If the language of the heart be not "We see Jesus," it is because the spiritual eyesight is gone. "Having eyes" we "see not." And the first thing the enemy - the devil - seeks to do, when he has captured and brought to Babylon one of the Lord's people, is to put out his eyes. So Samson found, when, having gone down to the world and was captured, his eyes were put out, and he had to "grind in the prison-house of Gaza." One who in the power of the Spirit of God would have been mighty, is only seen as a poor blind prisoner, making sport for the Philistines. And what a sad picture we have also in Zedekiah, a prisoner in Babylon, and blind. And thus, adds the Spirit, he remained "till the day of his death." (Jer. 52:10-11.)

God's people Israel were carried away captive to Babylon because of their sins, but the old Babylon is only a picture of the reality, the moral Babylon, which exists now, and goes onward until in its history we reach Rev. 17 (ecclesiastical) and 18 (civil), and in both its final overthrow and judgment from God. "Let us make us a name" (Gen. 11:4), is the key to the understanding of the mystic meaning of Babylon. We find it all through its typical history: man independent of God. Thus Nebuchadnezzar brings before us the same teaching. "Is not this great Babylon, that I have built for the house of the kingdom, by the might of my power, and for the honour of my majesty?" It is all the exaltation of man: "I have built," by my power," "for the honour of my majesty." Now God will exalt Christ. His given name is "above every name." How opposed to the principle of Babylon. "Let us make us a name"; though this is man's effort from the cradle to the grave. Thou "hast kept my word, and hast not denied My NAME." Is that the commendation which we covet?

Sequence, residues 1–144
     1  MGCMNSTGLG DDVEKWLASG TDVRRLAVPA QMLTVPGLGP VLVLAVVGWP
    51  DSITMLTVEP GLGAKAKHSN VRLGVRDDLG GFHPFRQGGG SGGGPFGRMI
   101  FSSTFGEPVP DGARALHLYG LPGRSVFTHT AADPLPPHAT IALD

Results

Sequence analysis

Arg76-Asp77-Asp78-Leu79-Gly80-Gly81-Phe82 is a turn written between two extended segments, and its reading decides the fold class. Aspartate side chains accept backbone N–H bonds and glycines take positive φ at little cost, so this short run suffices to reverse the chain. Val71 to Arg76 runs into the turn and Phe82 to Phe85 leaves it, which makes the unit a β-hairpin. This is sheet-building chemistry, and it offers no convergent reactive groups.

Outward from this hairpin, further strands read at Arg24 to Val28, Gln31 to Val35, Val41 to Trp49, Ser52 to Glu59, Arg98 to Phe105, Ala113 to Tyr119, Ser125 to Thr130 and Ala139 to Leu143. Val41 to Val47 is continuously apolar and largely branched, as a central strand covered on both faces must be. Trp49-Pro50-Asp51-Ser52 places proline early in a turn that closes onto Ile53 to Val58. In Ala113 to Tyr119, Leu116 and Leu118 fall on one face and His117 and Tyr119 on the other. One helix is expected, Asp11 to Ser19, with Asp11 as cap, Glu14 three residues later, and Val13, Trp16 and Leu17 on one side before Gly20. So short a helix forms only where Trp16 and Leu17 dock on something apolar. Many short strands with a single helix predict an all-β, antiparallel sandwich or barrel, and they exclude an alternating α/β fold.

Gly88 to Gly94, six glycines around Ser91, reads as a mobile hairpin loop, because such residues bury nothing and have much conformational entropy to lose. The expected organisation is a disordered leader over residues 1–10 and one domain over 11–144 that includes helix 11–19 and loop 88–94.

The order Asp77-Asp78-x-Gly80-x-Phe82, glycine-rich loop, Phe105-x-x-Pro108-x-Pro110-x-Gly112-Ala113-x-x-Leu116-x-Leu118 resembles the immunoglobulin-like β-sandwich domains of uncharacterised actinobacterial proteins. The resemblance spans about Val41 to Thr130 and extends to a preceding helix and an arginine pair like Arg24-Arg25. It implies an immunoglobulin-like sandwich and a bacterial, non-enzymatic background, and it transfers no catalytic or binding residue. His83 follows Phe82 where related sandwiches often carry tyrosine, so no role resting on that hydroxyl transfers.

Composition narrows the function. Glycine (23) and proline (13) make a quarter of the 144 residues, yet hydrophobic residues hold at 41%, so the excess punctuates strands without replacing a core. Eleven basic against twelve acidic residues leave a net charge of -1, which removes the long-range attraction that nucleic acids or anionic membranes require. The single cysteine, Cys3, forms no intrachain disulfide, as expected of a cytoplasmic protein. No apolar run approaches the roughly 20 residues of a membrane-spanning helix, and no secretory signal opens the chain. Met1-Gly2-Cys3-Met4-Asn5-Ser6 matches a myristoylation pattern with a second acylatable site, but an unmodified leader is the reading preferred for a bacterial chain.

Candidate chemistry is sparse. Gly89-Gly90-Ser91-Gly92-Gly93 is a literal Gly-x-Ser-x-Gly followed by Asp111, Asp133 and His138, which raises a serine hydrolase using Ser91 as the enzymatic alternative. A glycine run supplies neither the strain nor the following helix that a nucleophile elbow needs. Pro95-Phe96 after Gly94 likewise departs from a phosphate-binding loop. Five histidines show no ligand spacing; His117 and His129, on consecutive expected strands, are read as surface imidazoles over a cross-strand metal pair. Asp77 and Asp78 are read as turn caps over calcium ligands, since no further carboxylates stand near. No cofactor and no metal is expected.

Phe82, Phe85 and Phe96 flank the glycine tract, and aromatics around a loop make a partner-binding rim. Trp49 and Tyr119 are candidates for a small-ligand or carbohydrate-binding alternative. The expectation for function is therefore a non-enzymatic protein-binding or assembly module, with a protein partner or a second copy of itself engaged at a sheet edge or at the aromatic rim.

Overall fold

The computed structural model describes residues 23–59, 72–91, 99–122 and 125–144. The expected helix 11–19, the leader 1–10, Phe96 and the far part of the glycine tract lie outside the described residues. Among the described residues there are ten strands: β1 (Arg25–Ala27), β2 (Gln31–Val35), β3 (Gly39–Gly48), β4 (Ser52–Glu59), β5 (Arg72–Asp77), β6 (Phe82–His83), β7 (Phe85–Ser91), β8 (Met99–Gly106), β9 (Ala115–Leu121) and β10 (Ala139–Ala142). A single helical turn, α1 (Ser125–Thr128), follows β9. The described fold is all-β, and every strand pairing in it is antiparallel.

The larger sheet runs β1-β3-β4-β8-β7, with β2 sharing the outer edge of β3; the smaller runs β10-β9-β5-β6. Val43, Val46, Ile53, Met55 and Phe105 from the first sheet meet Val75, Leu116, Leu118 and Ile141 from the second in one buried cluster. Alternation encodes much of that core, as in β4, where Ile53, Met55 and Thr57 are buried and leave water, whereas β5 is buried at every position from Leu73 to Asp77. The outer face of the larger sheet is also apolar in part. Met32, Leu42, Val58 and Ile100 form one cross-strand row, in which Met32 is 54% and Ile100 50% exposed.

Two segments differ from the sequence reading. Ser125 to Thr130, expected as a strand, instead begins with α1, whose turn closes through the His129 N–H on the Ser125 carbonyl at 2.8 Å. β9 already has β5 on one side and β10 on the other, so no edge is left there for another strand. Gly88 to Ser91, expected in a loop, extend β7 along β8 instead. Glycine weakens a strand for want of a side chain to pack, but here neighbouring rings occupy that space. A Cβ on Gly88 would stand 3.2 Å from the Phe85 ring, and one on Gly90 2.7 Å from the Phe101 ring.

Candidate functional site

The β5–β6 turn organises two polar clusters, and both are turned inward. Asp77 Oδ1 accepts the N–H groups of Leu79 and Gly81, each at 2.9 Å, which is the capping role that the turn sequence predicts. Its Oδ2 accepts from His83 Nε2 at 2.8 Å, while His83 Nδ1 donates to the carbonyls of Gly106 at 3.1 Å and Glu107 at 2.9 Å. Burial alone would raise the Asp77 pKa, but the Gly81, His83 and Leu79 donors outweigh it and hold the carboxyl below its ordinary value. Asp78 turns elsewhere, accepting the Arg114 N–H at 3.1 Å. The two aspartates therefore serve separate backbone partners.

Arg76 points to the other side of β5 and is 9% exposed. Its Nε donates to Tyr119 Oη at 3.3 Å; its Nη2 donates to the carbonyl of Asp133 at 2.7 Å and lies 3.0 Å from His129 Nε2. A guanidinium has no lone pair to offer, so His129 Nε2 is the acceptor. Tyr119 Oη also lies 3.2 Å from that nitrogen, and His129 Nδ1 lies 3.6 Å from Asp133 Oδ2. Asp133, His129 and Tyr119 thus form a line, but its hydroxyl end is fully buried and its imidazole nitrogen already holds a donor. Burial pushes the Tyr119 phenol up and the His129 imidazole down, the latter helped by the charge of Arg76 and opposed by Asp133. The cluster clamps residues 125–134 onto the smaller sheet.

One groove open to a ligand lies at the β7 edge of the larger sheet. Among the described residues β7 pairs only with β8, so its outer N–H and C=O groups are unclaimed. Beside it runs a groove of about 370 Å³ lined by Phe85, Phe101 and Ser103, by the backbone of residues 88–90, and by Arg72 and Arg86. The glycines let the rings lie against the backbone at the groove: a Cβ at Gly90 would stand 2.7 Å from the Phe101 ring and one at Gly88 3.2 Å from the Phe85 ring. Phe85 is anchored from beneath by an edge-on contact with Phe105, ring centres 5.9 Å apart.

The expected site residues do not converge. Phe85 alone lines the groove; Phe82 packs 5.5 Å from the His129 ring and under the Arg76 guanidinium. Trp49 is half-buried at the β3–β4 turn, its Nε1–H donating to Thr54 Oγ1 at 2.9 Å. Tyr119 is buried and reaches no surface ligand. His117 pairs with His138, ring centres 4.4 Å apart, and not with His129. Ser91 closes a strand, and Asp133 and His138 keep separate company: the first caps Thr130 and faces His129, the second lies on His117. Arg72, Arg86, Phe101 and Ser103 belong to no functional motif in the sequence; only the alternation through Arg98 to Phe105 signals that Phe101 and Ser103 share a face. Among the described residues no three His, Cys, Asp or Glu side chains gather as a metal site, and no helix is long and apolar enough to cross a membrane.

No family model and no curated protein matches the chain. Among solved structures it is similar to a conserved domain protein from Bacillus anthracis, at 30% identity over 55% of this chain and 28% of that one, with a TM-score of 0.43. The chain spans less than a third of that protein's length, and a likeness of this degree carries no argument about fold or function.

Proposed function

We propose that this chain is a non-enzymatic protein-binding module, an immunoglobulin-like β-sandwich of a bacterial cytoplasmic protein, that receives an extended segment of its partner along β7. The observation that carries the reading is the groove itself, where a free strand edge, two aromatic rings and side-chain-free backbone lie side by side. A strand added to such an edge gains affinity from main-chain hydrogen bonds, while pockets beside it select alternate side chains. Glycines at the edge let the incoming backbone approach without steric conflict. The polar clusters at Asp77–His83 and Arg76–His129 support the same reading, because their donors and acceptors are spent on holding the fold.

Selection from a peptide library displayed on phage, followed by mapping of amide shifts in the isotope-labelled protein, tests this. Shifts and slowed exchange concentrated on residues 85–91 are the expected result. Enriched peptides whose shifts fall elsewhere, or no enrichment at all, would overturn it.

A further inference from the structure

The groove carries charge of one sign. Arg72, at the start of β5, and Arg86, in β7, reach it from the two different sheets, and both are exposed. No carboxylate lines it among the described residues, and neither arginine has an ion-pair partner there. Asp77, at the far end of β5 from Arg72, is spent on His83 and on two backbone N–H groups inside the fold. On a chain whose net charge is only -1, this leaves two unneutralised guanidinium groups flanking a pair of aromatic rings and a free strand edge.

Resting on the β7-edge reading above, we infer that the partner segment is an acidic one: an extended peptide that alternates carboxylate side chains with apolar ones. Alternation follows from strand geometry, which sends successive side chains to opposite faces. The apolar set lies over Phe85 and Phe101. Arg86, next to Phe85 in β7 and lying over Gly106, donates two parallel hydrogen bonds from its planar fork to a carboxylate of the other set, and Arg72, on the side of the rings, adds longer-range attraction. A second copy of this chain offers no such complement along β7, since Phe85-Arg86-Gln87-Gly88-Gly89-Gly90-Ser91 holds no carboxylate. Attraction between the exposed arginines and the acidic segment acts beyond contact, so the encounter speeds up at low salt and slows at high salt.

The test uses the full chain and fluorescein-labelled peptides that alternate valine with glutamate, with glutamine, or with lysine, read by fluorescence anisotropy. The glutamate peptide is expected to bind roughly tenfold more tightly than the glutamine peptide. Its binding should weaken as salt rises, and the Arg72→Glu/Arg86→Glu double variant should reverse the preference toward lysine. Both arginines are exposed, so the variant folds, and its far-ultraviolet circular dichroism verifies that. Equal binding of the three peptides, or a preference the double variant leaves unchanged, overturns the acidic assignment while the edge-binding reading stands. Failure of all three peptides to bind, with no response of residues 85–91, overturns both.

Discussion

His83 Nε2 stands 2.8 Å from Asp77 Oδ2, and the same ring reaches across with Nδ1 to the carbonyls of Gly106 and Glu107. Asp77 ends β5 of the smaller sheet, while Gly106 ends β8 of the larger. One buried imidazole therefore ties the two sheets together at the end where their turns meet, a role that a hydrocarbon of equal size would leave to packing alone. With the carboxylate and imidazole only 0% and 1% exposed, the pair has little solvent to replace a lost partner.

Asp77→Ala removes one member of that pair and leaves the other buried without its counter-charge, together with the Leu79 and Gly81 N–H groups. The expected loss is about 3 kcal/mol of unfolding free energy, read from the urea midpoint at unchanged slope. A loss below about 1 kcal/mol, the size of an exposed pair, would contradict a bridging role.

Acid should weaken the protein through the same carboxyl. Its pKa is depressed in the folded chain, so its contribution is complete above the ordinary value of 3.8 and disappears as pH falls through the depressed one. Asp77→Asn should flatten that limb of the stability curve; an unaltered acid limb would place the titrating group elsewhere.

A person, whose language is Gen. 11:4, is morally blind to all God's counsel, and to His one purpose, viz., to exalt Christ. His eyes are put out as completely as though he had none, and they are put out because he is occupied with things seen, for it is either with us all occupation with the first man or with the second, so that if it is not Christ it is self, and I am morally in Babylon, a poor blind prisoner, even if one of God's people. The eye cannot hastily accommodate itself to gaze upon light, if it has for long looked upon darkness, and so it is with those who are captives in Babylon. Put Christ and His interests before them, heavenly things "where Christ sitteth" (Col. 3), and they cannot see; put self and self-interest before them, viz., earthly advancement, and there is at once a clear comprehension of all the attractions of the scheme. When the heart is occupied with things here, the spiritual eye is put out.

It does great damage to our souls in divine things if we say "we see Jesus," merely because we know that we should have no other object, and because all orthodox Christians, whom we know, say so. It fosters vanity, and it is only on the surface after all. Is it true of me that I see Jesus? That is the question. If I do, if I see Him at all, He must become the all-absorbing object of my life. It was ever thus with His simple followers - His disciples: "We have found Him … come and see," said Philip. "Come, see a Man," said the woman of Samaria. "This is my beloved Son," said the voice of the Father, "hear Him," and thereafter they "saw no man," save Jesus only. If the Lord is not thus seen I may have life; but can it be ignored that a man may live and yet be blind? If blind, it is the beauties of the HEAVENLY ONE that have no attractions for the soul. "Truly the light is sweet, and a pleasant thing it is for the eyes to behold the sun" (Ecc. 11:7), and to see that the eye is in me, and that the Sun is Christ, is bringing home these things very close to us. In a former dark day of apostacy and ruin (Mal. 4:2), (and on the verge of a similar hour we also stand today), the comfort was that the Sun would arise. "Unto you that fear my name shall the Sun of righteousness arise with healing in His wings." Alas! if the eye does not see Him, of what avail is all that we do see? Faith is the telescope which brings the Lord nigh, and the Spirit of God applies that telescope. Gazing upon Him, the language of the heart, and thence of the lip, is, "We see Jesus."